Main Menu
Newest Members
Clint_45, al4627, Wild Edibles, harry pham, bullet man
102338 Registered Users
Top Posters
TexDawg 82192
hopalong 73434
Pilothawk 72839
JDavis7873® 67375
FattyMcButterpants 60428
John175 ® 59617
Tritonman 56539
Derek 56121
SkeeterRonnie 52395
LoneStarSon® 51985
Forum Stats
102338 Members
60 Forums
853505 Topics
11193722 Posts

Max Online: 36273 @ 01/23/13 02:34 PM
Topic Options
#11567936 - 04/26/16 09:30 PM Volt Meter Question
Duke 59 Offline

Registered: 01/02/12
Posts: 171
This is probably a dumb question....I should know the answer but I don't.

What is the volt meter on my boat dashboard measuring? Does it measure the voltage output of the boat going to the battery....or is it measuring the current voltage of the battery?

#11568070 - 04/26/16 10:06 PM Re: Volt Meter Question [Re: Duke 59]
Flippin-Out Offline
Extreme Angler

Registered: 02/25/15
Posts: 1562
Loc: Magnolia, TX
It is measuring both - they are one in the same.

The engine's charging system is connected to the battery, as is the voltmeter. If you turn the key on (but do not start the engine), the only source of power is the battery. If you look at the voltmeter then, you should see it around 12-13 volts for a good battery. These voltmeters aren't precision instruments, so it's an "indicator" as much as anything. This shows that you have good battery voltage. The engine isn't charging the battery yet....

Once you crank the engine, you may see an increase in voltage. Whether or not you do depends on how your charging system works. Some need to be above "x" RPM to generate output. For sure, once you get up to 2000 RPM, you should notice the voltmeter has moved to a higher indicated voltage. Again, exactly what voltage depends on your particular charging system. What you're looking for is that it increases vs. before the engine was running.

So, learn what the gauge reads when it's all working, and then in the future, make sure that's what it's doing. If you see a different reading, that tells you something may be less than ideal, or about to fail, or has failed.

#11568133 - 04/26/16 10:22 PM Re: Volt Meter Question [Re: Duke 59]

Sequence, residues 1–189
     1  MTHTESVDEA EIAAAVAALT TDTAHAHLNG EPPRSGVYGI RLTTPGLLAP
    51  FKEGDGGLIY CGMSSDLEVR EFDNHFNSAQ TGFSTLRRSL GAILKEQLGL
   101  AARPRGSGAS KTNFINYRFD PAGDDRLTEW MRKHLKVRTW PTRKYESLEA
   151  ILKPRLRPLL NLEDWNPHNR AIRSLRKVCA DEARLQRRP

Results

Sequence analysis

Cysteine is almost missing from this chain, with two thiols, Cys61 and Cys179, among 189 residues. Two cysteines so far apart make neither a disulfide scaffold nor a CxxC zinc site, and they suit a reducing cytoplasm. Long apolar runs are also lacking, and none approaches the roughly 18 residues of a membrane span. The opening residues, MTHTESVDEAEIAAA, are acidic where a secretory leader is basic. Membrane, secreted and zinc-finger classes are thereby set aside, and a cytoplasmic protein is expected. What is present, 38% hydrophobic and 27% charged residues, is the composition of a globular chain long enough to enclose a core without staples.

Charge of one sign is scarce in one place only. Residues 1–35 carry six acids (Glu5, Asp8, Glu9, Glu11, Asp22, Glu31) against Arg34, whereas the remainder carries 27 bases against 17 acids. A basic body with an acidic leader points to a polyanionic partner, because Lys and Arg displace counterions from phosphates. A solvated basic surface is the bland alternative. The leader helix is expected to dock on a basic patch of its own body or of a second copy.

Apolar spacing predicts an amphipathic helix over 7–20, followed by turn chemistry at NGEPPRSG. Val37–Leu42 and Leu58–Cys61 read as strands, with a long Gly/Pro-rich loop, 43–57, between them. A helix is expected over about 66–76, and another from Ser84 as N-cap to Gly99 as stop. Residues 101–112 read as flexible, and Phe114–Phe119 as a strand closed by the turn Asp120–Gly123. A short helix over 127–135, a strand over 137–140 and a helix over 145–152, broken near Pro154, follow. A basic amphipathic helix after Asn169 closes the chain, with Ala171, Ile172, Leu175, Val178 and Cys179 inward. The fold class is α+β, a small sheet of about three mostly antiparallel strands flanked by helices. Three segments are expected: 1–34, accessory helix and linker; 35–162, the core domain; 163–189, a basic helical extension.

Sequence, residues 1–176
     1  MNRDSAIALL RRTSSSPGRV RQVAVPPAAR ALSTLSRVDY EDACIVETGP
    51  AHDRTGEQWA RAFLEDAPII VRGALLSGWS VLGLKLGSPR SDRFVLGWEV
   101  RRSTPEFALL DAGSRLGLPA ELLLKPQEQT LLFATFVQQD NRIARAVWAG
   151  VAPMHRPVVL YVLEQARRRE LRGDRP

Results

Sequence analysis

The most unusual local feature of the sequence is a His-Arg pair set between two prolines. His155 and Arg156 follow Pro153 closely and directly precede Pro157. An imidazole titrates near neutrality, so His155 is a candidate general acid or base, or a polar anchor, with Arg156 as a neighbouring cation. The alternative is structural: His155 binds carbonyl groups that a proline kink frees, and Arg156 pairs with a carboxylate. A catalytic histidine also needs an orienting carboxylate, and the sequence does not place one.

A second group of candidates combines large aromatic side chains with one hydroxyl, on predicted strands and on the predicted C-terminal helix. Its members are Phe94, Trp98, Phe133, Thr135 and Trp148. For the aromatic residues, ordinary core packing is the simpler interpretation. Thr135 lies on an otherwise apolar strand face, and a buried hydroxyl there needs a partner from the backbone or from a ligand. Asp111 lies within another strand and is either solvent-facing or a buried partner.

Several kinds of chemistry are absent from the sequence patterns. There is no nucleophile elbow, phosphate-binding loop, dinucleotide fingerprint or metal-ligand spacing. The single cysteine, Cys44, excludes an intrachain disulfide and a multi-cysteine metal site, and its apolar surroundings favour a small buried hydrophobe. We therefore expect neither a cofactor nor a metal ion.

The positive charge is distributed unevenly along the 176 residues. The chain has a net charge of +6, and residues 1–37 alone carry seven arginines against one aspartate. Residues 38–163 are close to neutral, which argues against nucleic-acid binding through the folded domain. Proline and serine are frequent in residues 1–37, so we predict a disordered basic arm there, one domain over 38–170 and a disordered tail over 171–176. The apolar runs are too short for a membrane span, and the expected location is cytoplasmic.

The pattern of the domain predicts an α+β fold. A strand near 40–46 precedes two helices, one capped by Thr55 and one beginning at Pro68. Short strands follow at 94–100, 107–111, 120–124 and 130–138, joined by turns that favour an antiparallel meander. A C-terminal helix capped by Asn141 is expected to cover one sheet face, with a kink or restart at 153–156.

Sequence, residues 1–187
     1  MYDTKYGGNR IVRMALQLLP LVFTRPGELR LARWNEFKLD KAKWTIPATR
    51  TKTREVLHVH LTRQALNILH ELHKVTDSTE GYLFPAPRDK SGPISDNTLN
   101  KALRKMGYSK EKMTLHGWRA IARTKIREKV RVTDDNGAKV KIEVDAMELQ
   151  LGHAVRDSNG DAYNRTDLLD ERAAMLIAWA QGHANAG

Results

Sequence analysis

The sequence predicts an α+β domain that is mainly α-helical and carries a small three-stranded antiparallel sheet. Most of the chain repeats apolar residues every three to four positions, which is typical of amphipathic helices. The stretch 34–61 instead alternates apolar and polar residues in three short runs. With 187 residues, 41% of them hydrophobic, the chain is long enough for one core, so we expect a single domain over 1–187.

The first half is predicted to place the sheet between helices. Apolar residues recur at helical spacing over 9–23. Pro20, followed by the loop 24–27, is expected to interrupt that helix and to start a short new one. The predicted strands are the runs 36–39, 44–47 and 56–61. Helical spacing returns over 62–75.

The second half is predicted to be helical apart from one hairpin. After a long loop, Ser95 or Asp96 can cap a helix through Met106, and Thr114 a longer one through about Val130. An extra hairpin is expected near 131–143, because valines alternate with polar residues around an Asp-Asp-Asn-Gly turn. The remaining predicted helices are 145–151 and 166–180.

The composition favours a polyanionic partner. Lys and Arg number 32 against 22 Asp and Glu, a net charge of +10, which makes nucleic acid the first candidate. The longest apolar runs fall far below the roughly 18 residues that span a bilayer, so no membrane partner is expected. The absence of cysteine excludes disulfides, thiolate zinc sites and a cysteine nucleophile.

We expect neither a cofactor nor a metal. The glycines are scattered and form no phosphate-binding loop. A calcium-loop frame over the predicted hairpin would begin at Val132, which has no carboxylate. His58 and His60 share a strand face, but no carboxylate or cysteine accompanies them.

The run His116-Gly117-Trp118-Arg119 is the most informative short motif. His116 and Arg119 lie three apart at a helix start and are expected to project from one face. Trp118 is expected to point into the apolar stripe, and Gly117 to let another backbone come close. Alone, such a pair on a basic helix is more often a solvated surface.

bronco71 Online   content
Pro Angler

Registered: 02/05/06
Posts: 994
Loc: Farmers Branch/Sulphur Bluff
Technically it is measuring the charge voltage when running, not the current.....current is measured in amps by an ammeter, very different from voltage.

#11568351 - 04/27/16 07:15 AM Re: Volt Meter Question [Re: Duke 59]
SteezMacQueen Online   happy
Extreme Angler

Registered: 11/02/14
Posts: 2847
Loc: Red Oak, Galveston, and Pagosa...
Both answers are correct.

The problem with a voltage meter is it usually only shows the result of a part failure for most folks that do not understand what is a correct reading. A voltage swing from 12.6-13.8+ is normal. A 12 volt battery has 6 cells at 2.1 volts perm cell. So 12.6 is considered a charged state for a battery. In order the charge a discharged battery, the charging system must show a potential of higher voltage than 12.6. Most charge voltages are around 13.8-14.4'volts, but not all of them. As long as the voltage readings do not get lower that these ranges on average, you are probably "ok". However, voltage reading do not show the state of health of a charging system. It only shows potential. An amp gauge would be more accurate in showing a charging system status. But, it requires more wiring and it also causes voltage drop across its terminals. Haha.
I have read time and again Flippingout posts on this stuff. He is pretty straight forward and knowledgeable on the subject.

#11570249 - 04/27/16 09:51 PM Re: Volt Meter Question [Re: Duke 59]
Flippin-Out Offline
Extreme Angler

Registered: 02/25/15
Posts: 1562
Loc: Magnolia, TX
I ignored the reference to "current". I go too far overboard on the tech side sometimes, and I just let that one slide in an attempt to have my post still readable by my fellow fish-heads. You're correct to note where the needle normally sits when things are good. It should go up when you get the RPMs going, and will drop when you shut down. If it starts showing something different, look into why and fix it before you get stranded.

I learned the same thing about gauges such as water pressure and cylinder head temperature. (I almost always added that gauge to the panel in a boat.) If that needle didn't sit where it was supposed to, I knew to check for what was wrong. That habit saved me many times - I've never blown a motor in 35 years of running outboards. Man, I bet I was stupid for saying that.....hope it doesn't jinx me!


© 1998-2016 OUTDOOR SITES NETWORK all rights reserved USA and Worldwide